De Profundis

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English[edit]

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Alternative forms[edit]

Etymology[edit]

From the first two words of the Latin version of the 130th Psalm.

Proper noun[edit]

De Profundis

  1. The 130th psalm, one of the seven penitential psalms of the Roman Catholic and Anglican churches.
    • 1881, Louis Gaston A. de Ségur, Familiar instructions and evening lectures on all the truths of religion, page 102:
      The De Profundis is therefore a cry of hope, a prayer of love coming forth from the Sacred Heart to be re-echoed by our own; and whilst hoping for ourselves, we must hope also for our suffering brethren in purgatory, and we have confidence that if we pray with our whole hearts, our merciful Lord will soon deliver these souls, still dearer to Him than ourselves, and will admit them perfectly purified into peace and eternal rest.
    • 1968, Patrick Gallagher, The Life and Works of Garci Sánchez de Badajoz, →ISBN, page 180:
      But the De profundis has only eight verses and so it is not surprising that all of it should have been adapted.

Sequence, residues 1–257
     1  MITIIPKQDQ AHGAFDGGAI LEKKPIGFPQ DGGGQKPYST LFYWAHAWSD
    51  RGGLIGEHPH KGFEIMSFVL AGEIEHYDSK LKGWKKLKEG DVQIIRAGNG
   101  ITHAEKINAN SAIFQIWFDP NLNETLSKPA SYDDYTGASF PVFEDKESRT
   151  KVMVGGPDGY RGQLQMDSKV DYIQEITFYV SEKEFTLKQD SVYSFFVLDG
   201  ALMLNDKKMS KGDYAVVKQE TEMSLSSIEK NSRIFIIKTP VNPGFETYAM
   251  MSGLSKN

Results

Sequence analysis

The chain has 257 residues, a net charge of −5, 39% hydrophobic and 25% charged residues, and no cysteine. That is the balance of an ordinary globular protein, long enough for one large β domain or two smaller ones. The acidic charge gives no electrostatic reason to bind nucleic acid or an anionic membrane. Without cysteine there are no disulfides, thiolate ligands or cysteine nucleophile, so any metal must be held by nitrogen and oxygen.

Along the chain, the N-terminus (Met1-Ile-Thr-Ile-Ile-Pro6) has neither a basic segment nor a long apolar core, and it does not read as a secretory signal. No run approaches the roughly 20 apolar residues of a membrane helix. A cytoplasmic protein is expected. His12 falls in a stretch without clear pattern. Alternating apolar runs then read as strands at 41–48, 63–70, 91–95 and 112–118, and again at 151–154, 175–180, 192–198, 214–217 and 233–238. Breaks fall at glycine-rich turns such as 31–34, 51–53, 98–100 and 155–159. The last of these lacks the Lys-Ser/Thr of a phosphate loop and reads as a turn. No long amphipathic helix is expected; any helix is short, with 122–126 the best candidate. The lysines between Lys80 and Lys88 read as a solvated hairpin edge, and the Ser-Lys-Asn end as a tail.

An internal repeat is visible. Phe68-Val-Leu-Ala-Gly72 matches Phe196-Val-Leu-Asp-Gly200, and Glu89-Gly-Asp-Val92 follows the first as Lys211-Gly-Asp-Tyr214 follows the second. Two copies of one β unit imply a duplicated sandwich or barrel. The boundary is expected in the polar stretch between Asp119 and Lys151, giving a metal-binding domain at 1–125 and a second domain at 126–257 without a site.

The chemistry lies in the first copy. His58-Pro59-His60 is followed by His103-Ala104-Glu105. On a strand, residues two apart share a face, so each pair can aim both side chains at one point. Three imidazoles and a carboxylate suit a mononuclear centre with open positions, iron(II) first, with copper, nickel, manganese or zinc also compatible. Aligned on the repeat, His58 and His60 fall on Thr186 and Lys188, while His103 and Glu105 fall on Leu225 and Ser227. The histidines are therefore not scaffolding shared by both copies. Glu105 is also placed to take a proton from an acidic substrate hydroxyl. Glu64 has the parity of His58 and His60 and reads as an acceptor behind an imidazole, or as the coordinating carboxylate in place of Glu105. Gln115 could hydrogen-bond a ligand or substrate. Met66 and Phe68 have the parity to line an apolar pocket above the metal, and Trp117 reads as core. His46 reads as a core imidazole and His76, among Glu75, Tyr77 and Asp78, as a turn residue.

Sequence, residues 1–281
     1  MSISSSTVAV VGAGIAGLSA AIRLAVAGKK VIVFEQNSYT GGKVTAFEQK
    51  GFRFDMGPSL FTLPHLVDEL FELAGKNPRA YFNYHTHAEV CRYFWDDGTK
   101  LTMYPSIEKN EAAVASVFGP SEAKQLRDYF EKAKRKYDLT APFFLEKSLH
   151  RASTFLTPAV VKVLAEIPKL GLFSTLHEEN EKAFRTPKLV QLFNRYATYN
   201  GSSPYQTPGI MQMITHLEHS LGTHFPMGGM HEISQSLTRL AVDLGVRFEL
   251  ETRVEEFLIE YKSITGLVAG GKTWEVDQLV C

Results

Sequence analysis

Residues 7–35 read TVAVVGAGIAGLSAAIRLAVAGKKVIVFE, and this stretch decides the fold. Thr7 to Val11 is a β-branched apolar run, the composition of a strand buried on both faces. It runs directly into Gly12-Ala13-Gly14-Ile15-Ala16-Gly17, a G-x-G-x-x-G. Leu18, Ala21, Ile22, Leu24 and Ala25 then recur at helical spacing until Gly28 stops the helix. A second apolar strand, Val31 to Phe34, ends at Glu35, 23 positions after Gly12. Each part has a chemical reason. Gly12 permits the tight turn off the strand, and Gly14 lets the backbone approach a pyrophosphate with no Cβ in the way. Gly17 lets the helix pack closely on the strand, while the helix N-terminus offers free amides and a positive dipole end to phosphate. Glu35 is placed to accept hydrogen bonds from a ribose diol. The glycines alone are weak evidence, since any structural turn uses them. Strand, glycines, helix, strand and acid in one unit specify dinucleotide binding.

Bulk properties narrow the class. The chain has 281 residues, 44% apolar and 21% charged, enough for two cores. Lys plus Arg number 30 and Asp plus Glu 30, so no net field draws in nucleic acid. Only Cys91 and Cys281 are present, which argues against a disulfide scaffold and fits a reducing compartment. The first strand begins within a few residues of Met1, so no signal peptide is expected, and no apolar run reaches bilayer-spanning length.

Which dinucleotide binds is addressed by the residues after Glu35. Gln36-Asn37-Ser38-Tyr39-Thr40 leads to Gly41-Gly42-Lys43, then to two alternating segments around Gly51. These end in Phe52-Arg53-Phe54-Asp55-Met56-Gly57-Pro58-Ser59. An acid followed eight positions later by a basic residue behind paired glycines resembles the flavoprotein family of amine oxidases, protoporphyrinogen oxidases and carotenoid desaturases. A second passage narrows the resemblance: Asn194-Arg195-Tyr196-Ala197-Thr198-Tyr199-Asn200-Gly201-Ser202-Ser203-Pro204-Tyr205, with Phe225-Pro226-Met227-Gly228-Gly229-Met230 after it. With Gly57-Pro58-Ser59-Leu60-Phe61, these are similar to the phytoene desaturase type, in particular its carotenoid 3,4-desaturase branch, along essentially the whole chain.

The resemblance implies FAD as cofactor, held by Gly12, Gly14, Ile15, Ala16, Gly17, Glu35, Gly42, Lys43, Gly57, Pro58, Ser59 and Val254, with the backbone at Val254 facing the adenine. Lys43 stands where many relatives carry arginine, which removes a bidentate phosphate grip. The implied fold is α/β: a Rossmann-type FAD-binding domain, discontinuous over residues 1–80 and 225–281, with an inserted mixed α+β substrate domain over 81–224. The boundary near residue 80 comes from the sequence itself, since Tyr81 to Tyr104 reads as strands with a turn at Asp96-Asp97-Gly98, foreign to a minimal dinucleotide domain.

• 2005, Geoff Wood, Living the Lectionary, Year B: Links to Life and Literature, →ISBN, page 33:
      At 7:30 PM, back in my seminary days, the bell of St. Francis Chapel at Graymoor would toll, summoning us to recite the De Profundis on behalf of the dead.
  2. A letter to Lord Alfred Douglas written by Oscar Wilde while he was imprisoned for gross indecency (homosexual acts). The title is a reference to the 130th psalm.
    • 2000, Oscar Wilde, Russell Jackson, & Ian Small, The Complete Works of Oscar Wilde, →ISBN:
      Some years later, in his Autobiography, Douglas gave a significantly different version of events: My own evidence on this point is obscured by the fact that, as I did not know of the existence of the De Profundis MS.
    • 2004, F. Roden, Palgrave Advances in Oscar Wilde Studies, →ISBN, page 176:
      Max Beerbohm, in a remarkably insightful review in Vanity Fair, specifically took on the "De Profundis is radically different" reading of Wilde: "Some of the critics, wishing to reconcile present enthusiasm with past indifference. . . have been suggesting that De Profundis is quite unlike any previous work of Oscar Wilde - a quite sudden and unrelated phenomenon.
    • 2017, Annette M. Magid, Quintessential Wilde, →ISBN:
      One of the most lyrical and powerful passages of the De Profundis can be heard towards its very conclusion.
  3. The name of various other works of art inspired by the feelings expressed in the 130th psalm. (see De Profundis)